Ulver Childhood's End
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01. Bracelets of Fingers (The Pretty Things)
02. Everybody's Been Burned (The Byrds)
03. The Trap (Bonniwell's Music Machine)
04. In the Past (The Chocolate Watchband)
05. Today (Jefferson Airplane)
06. Can You Travel in the Dark Alone (Gandalf)
07. I Had Too Much to Dream Last Night (The Electric Prunes)
08. Street Song (13th Floor Elevators)
09. 66-5-4-3-2-1 (The Troggs)
10. Dark Is the Bark (The Left Banke)
11. Magic Hollow (The Beau Brummels)
12. Soon There Will Be Thunder (Common People)
13. Velvet Sunsets (Music Emporium)
14. Lament of the Astral Cowboy (Curt Boettcher)
15. I Can See the Light (Les Fleur de Lys)
16. Where Is Yesterday (The United States of America)
Erratic is a suitable description for Ulver's body of work. Starting out as a prototypical black metal group, they flirted with acoustic folk on 1996's Kveldssanger. That was before they went off and did various non-black metal projects, including a movie soundtrack and electronic-focused avant-garde. Their new compilation, Childhood's End, is just another strange twist in Ulver's career. A covers album featuring nothing but psychedelic rock from the late ‘60s, Childhood's End is an admirable endeavor marred by questionable song choices and a hard time making these songs their own entities from the original compositions.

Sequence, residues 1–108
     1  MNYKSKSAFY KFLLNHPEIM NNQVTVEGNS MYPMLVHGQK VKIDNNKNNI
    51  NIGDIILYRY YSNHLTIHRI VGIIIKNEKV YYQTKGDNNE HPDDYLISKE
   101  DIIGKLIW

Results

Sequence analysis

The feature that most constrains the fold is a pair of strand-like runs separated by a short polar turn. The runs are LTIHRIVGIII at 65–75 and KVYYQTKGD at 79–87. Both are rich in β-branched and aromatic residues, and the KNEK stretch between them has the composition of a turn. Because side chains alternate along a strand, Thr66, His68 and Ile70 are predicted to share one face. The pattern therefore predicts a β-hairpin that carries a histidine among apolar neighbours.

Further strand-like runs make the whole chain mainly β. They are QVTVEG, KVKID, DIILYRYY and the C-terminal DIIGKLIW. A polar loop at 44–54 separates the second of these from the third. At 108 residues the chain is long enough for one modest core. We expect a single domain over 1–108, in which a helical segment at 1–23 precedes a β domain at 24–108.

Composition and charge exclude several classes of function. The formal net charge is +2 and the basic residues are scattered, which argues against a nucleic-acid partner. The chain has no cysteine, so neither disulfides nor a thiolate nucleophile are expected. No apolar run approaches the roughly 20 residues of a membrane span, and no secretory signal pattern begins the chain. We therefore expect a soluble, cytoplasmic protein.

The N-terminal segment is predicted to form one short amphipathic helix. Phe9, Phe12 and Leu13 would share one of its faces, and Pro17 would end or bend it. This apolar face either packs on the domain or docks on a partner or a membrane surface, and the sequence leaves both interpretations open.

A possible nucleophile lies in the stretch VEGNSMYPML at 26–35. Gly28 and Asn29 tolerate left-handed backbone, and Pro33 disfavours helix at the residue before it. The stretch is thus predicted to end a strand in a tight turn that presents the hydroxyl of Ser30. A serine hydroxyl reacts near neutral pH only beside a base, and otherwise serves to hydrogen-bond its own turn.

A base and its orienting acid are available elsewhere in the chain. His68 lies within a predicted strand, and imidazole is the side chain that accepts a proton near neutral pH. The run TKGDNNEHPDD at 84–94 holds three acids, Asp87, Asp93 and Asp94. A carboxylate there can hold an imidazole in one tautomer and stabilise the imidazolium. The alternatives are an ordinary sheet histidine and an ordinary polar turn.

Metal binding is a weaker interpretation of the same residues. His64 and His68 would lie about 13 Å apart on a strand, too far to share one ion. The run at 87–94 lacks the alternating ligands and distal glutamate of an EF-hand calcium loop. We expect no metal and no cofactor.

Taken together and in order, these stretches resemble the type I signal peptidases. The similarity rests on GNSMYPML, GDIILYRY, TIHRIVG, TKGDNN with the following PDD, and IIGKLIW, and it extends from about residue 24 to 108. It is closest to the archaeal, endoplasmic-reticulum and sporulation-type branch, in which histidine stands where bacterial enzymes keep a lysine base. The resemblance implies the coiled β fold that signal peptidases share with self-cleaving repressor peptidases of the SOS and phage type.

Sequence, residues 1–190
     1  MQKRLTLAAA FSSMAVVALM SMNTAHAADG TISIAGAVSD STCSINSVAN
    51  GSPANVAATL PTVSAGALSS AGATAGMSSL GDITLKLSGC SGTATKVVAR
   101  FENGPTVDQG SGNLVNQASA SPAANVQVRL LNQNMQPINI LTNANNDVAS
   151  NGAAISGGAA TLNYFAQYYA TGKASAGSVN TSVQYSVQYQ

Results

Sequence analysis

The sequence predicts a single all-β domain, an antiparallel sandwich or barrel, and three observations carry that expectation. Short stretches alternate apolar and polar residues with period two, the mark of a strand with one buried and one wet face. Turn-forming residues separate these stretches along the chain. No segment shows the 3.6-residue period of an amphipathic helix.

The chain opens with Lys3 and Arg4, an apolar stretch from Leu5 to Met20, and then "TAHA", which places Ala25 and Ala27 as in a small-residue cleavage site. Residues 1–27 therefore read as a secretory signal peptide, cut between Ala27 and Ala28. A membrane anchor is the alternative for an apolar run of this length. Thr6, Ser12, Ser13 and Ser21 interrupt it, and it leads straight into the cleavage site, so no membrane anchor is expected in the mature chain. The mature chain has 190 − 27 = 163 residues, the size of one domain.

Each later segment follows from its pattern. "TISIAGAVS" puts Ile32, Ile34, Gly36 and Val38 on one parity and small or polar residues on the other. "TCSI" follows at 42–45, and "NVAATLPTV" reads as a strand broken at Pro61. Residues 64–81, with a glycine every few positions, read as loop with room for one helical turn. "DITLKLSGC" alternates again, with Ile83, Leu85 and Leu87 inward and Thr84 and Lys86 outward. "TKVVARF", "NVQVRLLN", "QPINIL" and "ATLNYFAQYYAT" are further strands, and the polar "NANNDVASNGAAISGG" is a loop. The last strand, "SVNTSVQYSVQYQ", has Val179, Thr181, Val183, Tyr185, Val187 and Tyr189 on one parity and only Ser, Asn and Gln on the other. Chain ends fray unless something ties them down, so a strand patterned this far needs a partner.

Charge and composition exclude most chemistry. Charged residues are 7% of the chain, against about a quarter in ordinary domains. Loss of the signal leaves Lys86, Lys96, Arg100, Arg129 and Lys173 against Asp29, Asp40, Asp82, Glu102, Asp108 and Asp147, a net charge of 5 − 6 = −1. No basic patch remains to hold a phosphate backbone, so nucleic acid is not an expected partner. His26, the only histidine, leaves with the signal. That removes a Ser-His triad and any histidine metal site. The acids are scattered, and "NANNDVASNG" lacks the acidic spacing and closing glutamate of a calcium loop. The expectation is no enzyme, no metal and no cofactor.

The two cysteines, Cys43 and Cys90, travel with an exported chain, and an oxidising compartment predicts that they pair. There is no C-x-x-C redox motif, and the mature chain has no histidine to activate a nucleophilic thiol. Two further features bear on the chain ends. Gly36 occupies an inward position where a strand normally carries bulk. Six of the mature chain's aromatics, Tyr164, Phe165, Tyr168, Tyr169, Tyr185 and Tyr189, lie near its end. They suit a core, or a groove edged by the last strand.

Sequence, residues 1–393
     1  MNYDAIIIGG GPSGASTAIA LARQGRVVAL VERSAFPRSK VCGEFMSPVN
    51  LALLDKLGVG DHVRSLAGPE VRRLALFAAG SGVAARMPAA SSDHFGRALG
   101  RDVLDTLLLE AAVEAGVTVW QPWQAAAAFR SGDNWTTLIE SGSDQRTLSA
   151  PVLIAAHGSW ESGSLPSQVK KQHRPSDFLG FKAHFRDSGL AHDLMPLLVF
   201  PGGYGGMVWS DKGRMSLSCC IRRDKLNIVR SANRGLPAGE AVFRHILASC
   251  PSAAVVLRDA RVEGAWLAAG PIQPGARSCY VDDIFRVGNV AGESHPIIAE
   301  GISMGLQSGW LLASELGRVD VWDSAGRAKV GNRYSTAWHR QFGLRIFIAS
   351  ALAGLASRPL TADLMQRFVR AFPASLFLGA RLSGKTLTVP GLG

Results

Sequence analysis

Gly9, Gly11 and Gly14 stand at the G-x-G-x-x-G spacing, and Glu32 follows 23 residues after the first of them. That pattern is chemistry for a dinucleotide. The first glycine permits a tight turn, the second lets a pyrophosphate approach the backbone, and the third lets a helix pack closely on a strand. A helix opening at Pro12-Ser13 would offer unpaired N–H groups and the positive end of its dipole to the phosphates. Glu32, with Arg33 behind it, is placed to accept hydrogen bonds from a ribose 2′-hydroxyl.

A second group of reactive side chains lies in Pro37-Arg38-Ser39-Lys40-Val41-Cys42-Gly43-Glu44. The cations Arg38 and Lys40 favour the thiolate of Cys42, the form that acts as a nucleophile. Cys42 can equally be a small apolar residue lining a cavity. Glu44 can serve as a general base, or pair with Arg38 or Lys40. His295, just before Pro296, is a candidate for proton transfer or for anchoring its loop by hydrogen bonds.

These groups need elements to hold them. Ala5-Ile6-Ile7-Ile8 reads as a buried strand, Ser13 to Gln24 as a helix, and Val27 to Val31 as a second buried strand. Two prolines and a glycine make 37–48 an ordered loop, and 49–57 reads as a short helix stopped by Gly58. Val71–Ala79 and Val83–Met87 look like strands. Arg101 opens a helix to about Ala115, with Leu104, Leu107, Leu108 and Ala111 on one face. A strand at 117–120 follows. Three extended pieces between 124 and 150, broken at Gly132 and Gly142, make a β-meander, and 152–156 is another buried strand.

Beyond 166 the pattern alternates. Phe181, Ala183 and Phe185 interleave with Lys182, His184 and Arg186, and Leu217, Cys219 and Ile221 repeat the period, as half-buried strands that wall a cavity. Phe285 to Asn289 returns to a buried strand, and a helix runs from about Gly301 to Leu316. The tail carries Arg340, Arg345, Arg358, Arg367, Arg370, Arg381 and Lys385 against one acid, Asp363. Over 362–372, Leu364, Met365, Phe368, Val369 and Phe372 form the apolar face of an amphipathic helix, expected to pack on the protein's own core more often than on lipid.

Very few people will have heard of half the bands Ulver covers on Childhood's End. They dug into some obscure corners of psychedelic rock, with Jefferson Airplane and The Byrds the ones mainstream listeners may know from various singles on classic rock stations. In regards to these bands, Ulver goes out of their way to not choose obvious songs. The rest of the bands on the 16 tracks were either lost in the haze of the ‘60s drug scene, had label/personal issues, or released just one album.
Ulver stays firm and committed to translating the drug-induced vibes the original versions of these songs lazed around in. Other than updating the production, and a few different arrangements, these covers are note-for-note with the originals. Vocalist Kristoffer Rygg matches the soaring clean style most of these songs rely on. His voice is better suited for poppy material, like "I Had Too Much To Dream Last Night" and "66-5-4-3-2-1," which do accomplish the improbable feat of outdoing the originals.
Ulver does slip on a few tracks that don't have the same atmospheric punch. The Left Banke's version of "Dark Is The Dark" had the solemn orchestral ending that is watered down by Ulver. David Crosby gave off an emotional surrender to "Everybody's Been Burned" that can't be reproduced by Rygg's dry voice. The vocal interplay on Jefferson Airplane's "Today" isn't matched on the cover, and suffers because of it. A few more upbeat tracks in the second half, like "The Trap," would have helped the album from dragging.
Seeing any band, metal or otherwise, give credit to long-forgotten psychedelic rock is something that deserves praise. As such, Ulver is acknowledged for reintroducing bands that are still relevant today. However, their targeted audience is a question that can't be easily answered. A vocal majority of metal fans will not be eager to sink into 40-year-old acid rock, and most Ulver fans will probably shrug at the band confusing them yet again. Taking chances is nothing new for Ulver, though Childhood's End is a venture that doesn't always pay off the way the band may have intended it to.
Bottom Line: An admirable push to put the spotlight back on forgotten psychedelic rock bands that doesn't live up to the potential Ulver have always exceeded.